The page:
By April 1960, when Thomas Bennett made his last presentation as chairman of the Development Corporation, the town's population had reached 51,700; 2,289,000 ft² (212,650 m²) of factory and other industrial space had been provided; 21,800 people were employed, with nearly 60% of jobs being in manufacturing industry; and only seventy people were registered as unemployed. The Corporation had built 10,254 houses, with around 1,500 more being constructed by private builders. The Corporation permitted residents to buy their houses, and 440 householders had chosen to do so by April 1960.[15]


Subsequent expansion

With the success of early developments, a new plan was put forward by West Sussex County Council in 1961. This proposed new neighbourhoods at Broadfield and Bewbush, both of which extended outside the administrative area of the then Urban District Council. Plans were drawn up for Broadfield in the late 1960s, with some development in place by the early 1970s. Further expansion at Bewbush was begun in 1974, although development here was slow. The two neighbourhoods were both larger than previous ones, with a combined proposed population of 23,000. Work also took place in the area now known as Ifield West on the western fringes of the town.[19] The 1960s decade refers to the years from 1960 to 1969. ... The 1970s decade refers to the years from 1970 to 1979, also called The Seventies. ...


As early as 1980, the council identified land at Maidenbower as being suitable for further expansion of the town to accommodate the growing population, and work began in 1986. However, all of the development at Maidenbower was undertaken privately, unlike the previous developments which had included largely council-owned accommodation.[19]


In 1999, plans were in place to develop a fourteenth neighbourhood on land at Tinsley Green to the northeast of the existing town. However, these were halted due to proposals for possible expansion at Gatwick Airport.[20] Discussions are now underway in co-operation with Horsham District Council for possible location of new housing on Crawley's western fringes.[1] Gatwick Airport (IATA: LGW, ICAO: EGKK) is Londons second largest airport and the second busiest airport in the United Kingdom after Heathrow. ... , Horsham is a market town in West Sussex, England with a population of roughly 50,000. ...


Governance

Crawley Town Hall, on The Boulevard in the town centre.
Crawley Town Hall, on The Boulevard in the town centre.

Crawley Urban District Council was formed in April 1956 after the beginning of the development of the new town. It was formed from that part of the Horsham Rural District which fell within the new town's area. Changes under the Local Government Act 1972 saw the district formed as a borough in April 1974, gaining a mayor for the first time. Image File history File links Metadata Size of this preview: 450 × 600 pixelsFull resolution (480 × 640 pixel, file size: 143 KB, MIME type: image/jpeg) View of Crawley town hall, looking northwest from The Boulevard. ... Image File history File links Metadata Size of this preview: 450 × 600 pixelsFull resolution (480 × 640 pixel, file size: 143 KB, MIME type: image/jpeg) View of Crawley town hall, looking northwest from The Boulevard. ... The Local Government Act 1972 (1972 c. ...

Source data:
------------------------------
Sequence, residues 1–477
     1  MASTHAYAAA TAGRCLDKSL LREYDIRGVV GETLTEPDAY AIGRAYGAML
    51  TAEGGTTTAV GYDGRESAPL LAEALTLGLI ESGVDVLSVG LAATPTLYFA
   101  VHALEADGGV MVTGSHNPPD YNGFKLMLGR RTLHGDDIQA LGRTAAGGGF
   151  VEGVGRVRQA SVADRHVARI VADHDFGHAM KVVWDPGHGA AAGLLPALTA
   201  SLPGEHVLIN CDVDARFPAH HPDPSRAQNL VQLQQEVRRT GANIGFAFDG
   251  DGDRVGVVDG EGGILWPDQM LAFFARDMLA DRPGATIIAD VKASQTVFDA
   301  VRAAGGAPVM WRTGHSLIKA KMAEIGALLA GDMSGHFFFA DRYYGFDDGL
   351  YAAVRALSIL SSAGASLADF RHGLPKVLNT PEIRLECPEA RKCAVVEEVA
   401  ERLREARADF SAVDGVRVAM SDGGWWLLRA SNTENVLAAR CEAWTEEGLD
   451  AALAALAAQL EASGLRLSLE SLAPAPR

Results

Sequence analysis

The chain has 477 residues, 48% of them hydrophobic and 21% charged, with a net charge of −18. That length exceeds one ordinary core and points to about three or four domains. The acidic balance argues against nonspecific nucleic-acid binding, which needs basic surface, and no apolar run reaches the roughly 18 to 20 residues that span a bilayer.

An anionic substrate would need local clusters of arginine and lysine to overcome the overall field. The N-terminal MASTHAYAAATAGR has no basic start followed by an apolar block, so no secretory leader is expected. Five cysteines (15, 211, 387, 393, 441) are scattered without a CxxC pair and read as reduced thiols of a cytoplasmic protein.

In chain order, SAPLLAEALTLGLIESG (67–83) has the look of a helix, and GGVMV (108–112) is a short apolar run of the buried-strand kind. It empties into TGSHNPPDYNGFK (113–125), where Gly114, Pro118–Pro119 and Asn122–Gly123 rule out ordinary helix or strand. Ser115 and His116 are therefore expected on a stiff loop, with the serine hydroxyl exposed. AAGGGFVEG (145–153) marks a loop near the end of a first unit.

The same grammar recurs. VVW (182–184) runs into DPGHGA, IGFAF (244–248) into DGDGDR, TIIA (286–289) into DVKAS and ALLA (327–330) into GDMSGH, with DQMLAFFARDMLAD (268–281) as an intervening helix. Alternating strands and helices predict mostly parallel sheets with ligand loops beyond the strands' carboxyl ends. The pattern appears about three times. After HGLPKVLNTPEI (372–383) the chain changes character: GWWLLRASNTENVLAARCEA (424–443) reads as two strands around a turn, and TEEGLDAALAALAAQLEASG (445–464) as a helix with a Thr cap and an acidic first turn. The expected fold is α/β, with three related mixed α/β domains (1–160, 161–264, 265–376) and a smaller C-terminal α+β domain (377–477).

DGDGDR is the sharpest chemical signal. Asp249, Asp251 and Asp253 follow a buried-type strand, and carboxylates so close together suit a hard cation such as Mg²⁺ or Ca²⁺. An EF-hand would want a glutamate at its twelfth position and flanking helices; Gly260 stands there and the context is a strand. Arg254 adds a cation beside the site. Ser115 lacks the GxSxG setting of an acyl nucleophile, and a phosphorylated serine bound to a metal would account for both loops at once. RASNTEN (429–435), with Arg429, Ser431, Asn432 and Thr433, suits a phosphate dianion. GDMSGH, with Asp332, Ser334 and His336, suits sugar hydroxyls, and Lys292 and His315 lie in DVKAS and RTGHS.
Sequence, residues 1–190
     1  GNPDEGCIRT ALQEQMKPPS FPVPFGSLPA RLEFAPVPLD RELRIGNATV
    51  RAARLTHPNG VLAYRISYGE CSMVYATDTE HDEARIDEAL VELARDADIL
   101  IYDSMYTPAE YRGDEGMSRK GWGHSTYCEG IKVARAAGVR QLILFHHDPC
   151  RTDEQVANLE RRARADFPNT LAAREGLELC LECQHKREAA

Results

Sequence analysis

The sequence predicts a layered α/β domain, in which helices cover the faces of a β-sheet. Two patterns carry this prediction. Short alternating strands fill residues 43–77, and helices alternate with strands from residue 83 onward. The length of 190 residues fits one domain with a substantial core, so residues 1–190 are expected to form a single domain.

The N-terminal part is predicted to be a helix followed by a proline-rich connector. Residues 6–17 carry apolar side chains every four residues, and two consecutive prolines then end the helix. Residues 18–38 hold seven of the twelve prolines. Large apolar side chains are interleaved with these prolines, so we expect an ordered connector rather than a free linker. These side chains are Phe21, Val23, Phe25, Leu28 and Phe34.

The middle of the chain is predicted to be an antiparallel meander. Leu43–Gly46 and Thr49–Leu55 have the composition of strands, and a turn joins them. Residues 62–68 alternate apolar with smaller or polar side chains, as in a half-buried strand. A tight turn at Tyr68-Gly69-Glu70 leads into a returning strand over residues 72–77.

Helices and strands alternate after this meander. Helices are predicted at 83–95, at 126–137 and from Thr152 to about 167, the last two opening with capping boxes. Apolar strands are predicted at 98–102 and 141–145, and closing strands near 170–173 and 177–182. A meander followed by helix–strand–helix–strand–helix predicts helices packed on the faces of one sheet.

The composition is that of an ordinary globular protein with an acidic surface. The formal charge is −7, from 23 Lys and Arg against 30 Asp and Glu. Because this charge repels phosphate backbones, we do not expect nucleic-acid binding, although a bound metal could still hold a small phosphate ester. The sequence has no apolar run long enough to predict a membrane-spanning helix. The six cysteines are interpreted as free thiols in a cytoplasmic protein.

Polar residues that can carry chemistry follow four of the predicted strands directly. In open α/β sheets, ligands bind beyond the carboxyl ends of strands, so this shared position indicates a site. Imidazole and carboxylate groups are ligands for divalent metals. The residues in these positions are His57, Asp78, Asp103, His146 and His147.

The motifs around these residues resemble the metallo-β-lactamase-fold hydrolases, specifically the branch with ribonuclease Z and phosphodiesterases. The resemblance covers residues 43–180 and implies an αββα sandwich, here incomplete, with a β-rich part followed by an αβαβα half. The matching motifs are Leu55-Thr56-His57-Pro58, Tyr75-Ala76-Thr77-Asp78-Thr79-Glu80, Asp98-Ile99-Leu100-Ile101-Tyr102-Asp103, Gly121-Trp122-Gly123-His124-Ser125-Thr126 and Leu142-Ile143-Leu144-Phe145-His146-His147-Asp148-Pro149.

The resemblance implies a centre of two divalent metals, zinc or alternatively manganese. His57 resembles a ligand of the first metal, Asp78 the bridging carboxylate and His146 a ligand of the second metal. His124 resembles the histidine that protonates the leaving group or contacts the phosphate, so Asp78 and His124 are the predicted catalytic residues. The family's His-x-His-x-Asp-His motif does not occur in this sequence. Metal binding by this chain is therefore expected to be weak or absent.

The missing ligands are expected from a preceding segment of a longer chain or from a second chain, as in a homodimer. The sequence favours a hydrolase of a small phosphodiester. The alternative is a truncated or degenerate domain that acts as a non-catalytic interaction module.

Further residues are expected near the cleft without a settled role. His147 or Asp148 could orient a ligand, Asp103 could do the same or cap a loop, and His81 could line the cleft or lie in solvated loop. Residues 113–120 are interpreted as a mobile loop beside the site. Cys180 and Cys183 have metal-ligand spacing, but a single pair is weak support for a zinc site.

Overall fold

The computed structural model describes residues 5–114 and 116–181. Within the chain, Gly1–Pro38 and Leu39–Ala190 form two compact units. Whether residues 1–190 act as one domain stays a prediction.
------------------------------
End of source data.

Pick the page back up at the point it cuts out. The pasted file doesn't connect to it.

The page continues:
The borough was awarded a coat of arms later in 1974. The coat of arms features a central cross on the shield, representing the town's location at the meeting point of north-south and east-west roads. The shield also features 9 martlets representing both the county of Sussex and the new town's original 9 neighbourhoods. Supporters, of an eagle and a winged lion, relate to the significance of the airport to the locality. The motto featured is I Grow and I Rejoice.[21] A modern coat of arms is derived from the medi val practice of painting designs onto the shield and outer clothing of knights to enable them to be identified in battle, and later in tournaments. ... A martlet is a type of heraldic bird similar to the swallow, but having no feet. ... Sussex is a historic county in South East England corresponding roughly in area to the ancient Kingdom of Sussex. ...


Initially the district (and then borough) council worked with the Commission for the New Towns on many aspects of development, but in 1978, many of the commission's assets, such as housing and parks, were surrendered to the local authority. The authority's boundaries were extended in 1983 to allow for increasing development in Bewbush and Broadfield.[22]


The borough remains part of the local two-tier arrangements, with services shared with West Sussex County Council. The authority is divided into 15 wards, each of which is represented by two or three local councillors, forming a total council of 37 members. Most wards are coterminous with the borough's neighbourhoods, but two neighbourhoods are divided: Broadfield into North and South wards, and Pound Hill into "Pound Hill North" and "Pound Hill South and Worth". The council is elected in thirds.[23]